With the regular season winding to a close, let's take a look at where some of the races stand for individual awards in the Big East.
Offensive Player of the Year
1. Teddy Bridgewater, QB, Louisville. Something tells me there are not going to be any questions about the winner of this award this season. Bridgewater has been the best offensive player in the Big East this season by a mile. He has been selected as a semifinalist for the Davey O'Brien Award, given to the best quarterback in the nation, and got a little Heisman buzz throughout the year. In 10 games, Bridgewater has thrown for 2,858 yards and 21 touchdowns with five interceptions, and is No. 5 in the nation in passing efficiency.
2. George Winn, RB, Cincinnati. Winn has been one of the most pleasant surprises to emerge in the Big East this season, as he leads the league in rushing on the heels of 2011 Big East Offensive Player of the Year Isaiah Pead doing the same. Winn needs 20 yards to reach 1,000 on the season. If you take a look at his numbers, he is averaging more yards per carry AND more yards per game than Pead.
3. Ryan Nassib, QB, Syracuse. Nassib is having a career year in his final season, leading the Big East in passing, while throwing for 21 touchdowns and eight interceptions. He is the first Syracuse quarterback to pass for 3,000 yards in a season and set the school's single-season record for total offense in the process. Last week against Louisville, he became the Big East career completions leader.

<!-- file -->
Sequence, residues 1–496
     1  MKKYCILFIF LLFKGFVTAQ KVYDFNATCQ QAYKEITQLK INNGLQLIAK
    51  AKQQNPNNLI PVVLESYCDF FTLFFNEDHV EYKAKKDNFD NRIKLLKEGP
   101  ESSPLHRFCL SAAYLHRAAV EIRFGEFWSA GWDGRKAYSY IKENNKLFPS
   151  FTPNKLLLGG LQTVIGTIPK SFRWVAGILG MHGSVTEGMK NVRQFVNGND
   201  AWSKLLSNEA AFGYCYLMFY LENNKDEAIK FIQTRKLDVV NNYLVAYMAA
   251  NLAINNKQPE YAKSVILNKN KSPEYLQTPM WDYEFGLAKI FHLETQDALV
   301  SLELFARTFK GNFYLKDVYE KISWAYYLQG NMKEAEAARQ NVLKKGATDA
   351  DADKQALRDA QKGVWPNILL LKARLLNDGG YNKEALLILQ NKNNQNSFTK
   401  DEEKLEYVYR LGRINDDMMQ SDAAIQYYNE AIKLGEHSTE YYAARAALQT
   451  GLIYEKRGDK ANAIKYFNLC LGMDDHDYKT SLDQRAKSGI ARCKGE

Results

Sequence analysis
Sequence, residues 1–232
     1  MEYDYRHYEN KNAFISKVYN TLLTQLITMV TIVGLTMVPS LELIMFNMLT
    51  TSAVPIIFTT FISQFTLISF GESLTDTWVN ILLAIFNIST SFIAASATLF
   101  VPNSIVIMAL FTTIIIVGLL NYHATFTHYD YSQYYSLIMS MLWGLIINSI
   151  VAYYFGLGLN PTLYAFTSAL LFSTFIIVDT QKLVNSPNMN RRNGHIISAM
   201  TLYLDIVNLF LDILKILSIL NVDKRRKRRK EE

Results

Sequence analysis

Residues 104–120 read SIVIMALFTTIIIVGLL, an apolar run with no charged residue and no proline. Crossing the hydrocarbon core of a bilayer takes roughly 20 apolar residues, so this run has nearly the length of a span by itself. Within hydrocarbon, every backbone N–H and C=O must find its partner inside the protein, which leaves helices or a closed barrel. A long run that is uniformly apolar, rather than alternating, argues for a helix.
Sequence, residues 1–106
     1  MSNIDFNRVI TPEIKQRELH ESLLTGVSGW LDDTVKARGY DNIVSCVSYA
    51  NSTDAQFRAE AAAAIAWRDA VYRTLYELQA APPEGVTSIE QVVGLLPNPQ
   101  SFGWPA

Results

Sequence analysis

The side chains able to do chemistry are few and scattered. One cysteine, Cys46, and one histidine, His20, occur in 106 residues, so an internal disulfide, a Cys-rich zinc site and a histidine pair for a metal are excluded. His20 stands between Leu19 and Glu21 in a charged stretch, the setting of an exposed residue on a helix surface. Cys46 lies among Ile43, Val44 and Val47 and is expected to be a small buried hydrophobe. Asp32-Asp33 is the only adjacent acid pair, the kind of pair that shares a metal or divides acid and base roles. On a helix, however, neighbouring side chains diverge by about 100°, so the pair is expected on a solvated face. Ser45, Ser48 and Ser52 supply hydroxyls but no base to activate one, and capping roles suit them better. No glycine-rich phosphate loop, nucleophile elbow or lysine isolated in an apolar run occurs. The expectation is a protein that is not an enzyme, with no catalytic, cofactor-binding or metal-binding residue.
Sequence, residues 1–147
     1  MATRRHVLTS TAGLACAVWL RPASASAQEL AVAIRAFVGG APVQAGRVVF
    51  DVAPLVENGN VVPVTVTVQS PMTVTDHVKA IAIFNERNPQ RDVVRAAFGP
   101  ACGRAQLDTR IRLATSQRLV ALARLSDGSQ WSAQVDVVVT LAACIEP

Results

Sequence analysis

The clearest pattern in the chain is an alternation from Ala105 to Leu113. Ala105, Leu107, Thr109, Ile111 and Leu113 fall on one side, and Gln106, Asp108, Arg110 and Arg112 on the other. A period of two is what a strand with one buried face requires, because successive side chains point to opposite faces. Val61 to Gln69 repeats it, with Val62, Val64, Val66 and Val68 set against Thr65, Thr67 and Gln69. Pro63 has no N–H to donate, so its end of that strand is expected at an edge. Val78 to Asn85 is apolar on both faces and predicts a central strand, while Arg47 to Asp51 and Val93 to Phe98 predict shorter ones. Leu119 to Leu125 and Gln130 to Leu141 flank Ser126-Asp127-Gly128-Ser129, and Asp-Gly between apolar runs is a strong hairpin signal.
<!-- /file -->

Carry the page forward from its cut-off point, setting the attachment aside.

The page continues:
Defensive Player of the Year
1. Khaseem Greene, LB, Rutgers. Yes, I was wrong in my midseason report -- Greene should win this award pretty easily for the second straight season. He has played even better than he did a year ago, when he shared the award with Derek Wolfe of Cincinnati. Greene has 96 total tackles, and leads the nation in forced fumbles with six.
2. Yawin Smallwood, LB, UConn. Smallwood was my midseason choice for defensive player of the year. There is no doubt he has had an outstanding season, reaching the 100-tackle mark, with four sacks and a Big East-leading 13 tackles for loss.
3. Greg Blair, LB, Cincinnati. Blair has been a beast in the middle for the Bearcats this season, and I believe has played even better since Walter Stewart went down with a career-ending injury. Blair has a team-high 89 tackles, 4.5 for loss, two interceptions and five pass breakups.
Coach of the Year
1. Charlie Strong, Louisville. Though many expected the Cardinals to win the Big East, this team probably surprised some by setting the school record with a 9-0 start and a No. 9 ranking in the BCS standings. The loss to Syracuse hurts, but the Big East is still there for the taking.
2. Kyle Flood, Rutgers. Flood has led this team into the Top 25 in his first year as a head coach, and that says something about him and how he has kept the program running pretty smoothly. Rutgers is the only unbeaten team remaining in Big East play.
3. Butch Jones, Cincinnati. You could make the argument that the reigning Big East coach of the year is doing his best coaching job this season when you look at how the team has performed without its key senior leaders from 2011. Plus, Cincinnati has lost Walter Stewart and several players in the secondary, has made a quarterback change and is still in the middle of the Big East race.